30 Mar How Often Should You Update Your Estate Plan?
Many people assume that once they set their affairs in order, the matter is closed. They don’t realize why it’s important to update your estate plan and review it on regular basis.
Throughout our lives we move homes, make new investments, add new family members, and often change our priorities. Your estate plan should always reflect your current wishes and circumstances, so it will need updates from time to time.
Why It’s Important to Update Your Estate Plan
A lot can happen between the time you draft your estate plan documents and the time you pass away. But aside from personal changes like purchasing new property or adding more family members, there can also be changes to state laws that affect your estate plan.
In order for your estate plan to work as intended, it’s essential to review it periodically with a professional. Your advisor will check to see that all of your documents are still legally valid, and that your estate plan includes all of your beneficiaries and assets.
You also need to make sure that you remove any property that you no longer own, and name new beneficiaries if any have passed away. This will make the distribution of your assets as simple as possible when you’re gone.
How Often Do You Need to Update Your Estate Plan?
You should never wait longer than five years before reviewing your estate plan. And it’s important that you go over every document in your estate plan, not just your will or trust. At Phelps LaClair, we meet with our clients every three years for a thorough review of their estate planning documents.
But there are times when you may need an update sooner than planned. If you have any major life events like having a baby or getting married, you should update your plan as soon as possible. Life is unpredictable, so don’t wait until your next review meeting, even if it’s only a year away.
Six Reasons to Update Your Estate Plan
1: You Have a New Child
When you give birth to or adopt a child, you must add them to your estate plan as soon as possible. It’s essential that you name a guardian who will care for them if something happens to you. If you don’t, the state will choose a guardian for your child instead.
You might also wish to name your child as the beneficiary of your life insurance policy, retirement account, living trust, or another asset. If you add your child as a trust beneficiary, you might also need to add certain stipulations, such as not distributing the funds until your child turns eighteen.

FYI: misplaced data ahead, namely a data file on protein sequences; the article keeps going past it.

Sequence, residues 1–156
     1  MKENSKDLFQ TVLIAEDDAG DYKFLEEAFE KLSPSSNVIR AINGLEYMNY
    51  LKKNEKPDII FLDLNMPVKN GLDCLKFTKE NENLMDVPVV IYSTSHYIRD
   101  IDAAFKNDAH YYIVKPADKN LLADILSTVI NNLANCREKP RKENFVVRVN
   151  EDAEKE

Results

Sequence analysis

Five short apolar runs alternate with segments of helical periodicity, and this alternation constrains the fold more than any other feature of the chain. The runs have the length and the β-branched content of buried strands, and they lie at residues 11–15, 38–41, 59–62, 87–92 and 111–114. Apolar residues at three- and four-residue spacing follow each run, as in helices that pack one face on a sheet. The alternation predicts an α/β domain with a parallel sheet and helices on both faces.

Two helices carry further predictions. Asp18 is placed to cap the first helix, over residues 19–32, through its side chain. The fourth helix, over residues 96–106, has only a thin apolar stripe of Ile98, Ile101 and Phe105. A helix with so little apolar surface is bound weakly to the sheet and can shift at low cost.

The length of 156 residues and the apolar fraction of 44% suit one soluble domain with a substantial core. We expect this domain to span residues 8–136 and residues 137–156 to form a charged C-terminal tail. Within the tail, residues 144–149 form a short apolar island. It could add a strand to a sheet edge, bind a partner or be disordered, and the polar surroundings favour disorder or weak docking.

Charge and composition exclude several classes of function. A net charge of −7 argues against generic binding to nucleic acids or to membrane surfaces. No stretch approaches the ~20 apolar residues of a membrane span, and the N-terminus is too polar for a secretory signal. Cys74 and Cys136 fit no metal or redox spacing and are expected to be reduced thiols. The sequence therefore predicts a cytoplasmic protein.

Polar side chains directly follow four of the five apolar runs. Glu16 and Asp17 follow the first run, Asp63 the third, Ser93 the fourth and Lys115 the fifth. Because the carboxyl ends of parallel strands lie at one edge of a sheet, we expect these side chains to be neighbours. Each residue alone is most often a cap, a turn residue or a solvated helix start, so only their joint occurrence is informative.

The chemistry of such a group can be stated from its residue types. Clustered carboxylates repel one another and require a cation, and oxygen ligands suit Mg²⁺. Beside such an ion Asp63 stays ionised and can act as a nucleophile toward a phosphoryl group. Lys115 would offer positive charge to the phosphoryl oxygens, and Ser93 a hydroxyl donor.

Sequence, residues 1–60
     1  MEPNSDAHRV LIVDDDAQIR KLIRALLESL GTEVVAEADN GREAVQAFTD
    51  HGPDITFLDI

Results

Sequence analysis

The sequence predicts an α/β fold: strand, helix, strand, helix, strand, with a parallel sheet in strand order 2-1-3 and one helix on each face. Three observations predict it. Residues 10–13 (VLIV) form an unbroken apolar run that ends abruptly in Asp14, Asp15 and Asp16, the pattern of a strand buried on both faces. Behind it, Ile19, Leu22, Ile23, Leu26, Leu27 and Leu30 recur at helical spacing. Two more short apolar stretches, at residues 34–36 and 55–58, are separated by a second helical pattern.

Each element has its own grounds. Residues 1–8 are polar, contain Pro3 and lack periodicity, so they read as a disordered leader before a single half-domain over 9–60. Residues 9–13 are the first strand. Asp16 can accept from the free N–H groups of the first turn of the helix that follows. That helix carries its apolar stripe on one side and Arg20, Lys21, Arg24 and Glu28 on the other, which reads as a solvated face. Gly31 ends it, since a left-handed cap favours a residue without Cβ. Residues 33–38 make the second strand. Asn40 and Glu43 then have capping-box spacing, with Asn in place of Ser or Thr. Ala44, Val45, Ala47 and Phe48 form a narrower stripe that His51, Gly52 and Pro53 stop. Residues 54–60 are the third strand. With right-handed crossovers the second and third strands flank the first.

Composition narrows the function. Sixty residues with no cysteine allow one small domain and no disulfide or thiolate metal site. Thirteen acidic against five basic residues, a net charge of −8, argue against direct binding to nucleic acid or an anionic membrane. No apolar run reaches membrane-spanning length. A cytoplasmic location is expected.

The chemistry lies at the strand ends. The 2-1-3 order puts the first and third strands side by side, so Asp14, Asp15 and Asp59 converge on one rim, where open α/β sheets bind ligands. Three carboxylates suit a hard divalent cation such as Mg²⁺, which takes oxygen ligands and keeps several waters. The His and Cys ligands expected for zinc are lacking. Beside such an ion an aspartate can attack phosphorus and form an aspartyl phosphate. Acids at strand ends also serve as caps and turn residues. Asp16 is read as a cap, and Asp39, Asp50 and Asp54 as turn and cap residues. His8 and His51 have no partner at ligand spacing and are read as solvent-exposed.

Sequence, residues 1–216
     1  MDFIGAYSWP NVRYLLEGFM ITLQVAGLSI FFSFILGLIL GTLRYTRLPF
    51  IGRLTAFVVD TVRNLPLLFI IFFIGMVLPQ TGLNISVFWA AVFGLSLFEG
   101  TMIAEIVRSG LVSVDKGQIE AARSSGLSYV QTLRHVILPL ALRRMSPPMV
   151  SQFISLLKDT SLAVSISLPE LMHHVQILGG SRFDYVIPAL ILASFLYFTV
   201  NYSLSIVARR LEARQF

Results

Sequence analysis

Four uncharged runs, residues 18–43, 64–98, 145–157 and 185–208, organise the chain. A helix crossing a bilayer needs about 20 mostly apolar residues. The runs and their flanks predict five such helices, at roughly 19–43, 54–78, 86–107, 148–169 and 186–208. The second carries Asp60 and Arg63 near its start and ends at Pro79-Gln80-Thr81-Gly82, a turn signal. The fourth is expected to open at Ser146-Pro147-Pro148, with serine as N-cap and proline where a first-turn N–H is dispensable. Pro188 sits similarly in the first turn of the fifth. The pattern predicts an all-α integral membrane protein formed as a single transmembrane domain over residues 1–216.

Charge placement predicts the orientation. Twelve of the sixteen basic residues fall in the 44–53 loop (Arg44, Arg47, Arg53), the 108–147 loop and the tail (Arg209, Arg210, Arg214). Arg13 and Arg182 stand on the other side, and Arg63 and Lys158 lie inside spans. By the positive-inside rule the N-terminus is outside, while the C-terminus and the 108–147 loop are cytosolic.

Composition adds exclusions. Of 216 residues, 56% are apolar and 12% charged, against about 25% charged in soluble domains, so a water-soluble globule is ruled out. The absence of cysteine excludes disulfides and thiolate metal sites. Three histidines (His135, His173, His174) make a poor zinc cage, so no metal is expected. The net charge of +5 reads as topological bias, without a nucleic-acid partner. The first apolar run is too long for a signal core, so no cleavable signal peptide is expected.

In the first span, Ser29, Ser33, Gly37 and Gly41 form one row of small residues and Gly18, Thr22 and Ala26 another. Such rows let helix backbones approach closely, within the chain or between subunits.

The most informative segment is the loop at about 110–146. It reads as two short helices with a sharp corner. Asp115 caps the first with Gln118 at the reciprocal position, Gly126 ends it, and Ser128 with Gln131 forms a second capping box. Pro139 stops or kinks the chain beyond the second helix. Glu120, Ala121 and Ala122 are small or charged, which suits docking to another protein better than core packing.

2: You Got Married
If you haven’t already, you may wish to add your spouse to your life insurance policy and retirement account. They may also be your new top choice for your power of attorney, executor, or trustee.
If you legally changed your name after marriage, you’ll need to update your estate planning documents with your new name. And if you want any new stepchildren to inherit, you’ll need to add them as well. Stepchildren are not legally considered your heirs and will not automatically inherit any of your assets.
3: You Got Divorced
If you get divorced, you’ll need to remove your ex-spouse from your plan, or change what you leave to them. Keep in mind that the beneficiary designations on life insurance policies and retirement accounts supersede a will. So if you leave your life insurance policies to your new spouse in your will, but the ex-spouse is still named on the policy, then the ex-spouse would inherit it.
4: Your Beneficiaries Changed
As soon as you decide you want to add someone new to your estate plan, you should do it right away. That goes for new grandchildren, nieces, nephews, step-children, etc. You also need to act quickly if one of your beneficiaries dies before you. Otherwise, their share of your estate will go to your next of kin.
It’s always a good idea to choose backup (contingent) beneficiaries. That way, if the primary beneficiary dies or refuses their inheritance, your secondary choice can claim it. And whenever you add or remove a beneficiary, make sure to update the names in every document.
5: You Bought a House
Whenever you buy real estate property, you should plan for who will inherit it when you die. It’s best to add it to your trust so the property transfers to your beneficiary without going through probate.
6: You Moved to a New State
Each state has its own set of estate planning laws. Just because your will is valid in one state doesn’t always mean it is valid in another state. Each state also has different laws about inheritance and estate taxes.
Plus, you’ll likely need to change your executor, trustee, and power of attorney designations if they now live too far away to effectively fulfill their roles. Always make sure to review and update your documents shortly after you relocate.
Review Your Estate Plan with a Professional
If you would like to review and update your estate plan, the Phelps LaClair team is here to help. We’ve been advising Arizona residents on how to create and maintain successful estate plans for over 40 years. Give 9us a call at 480-892-2488 today to schedule an appointment.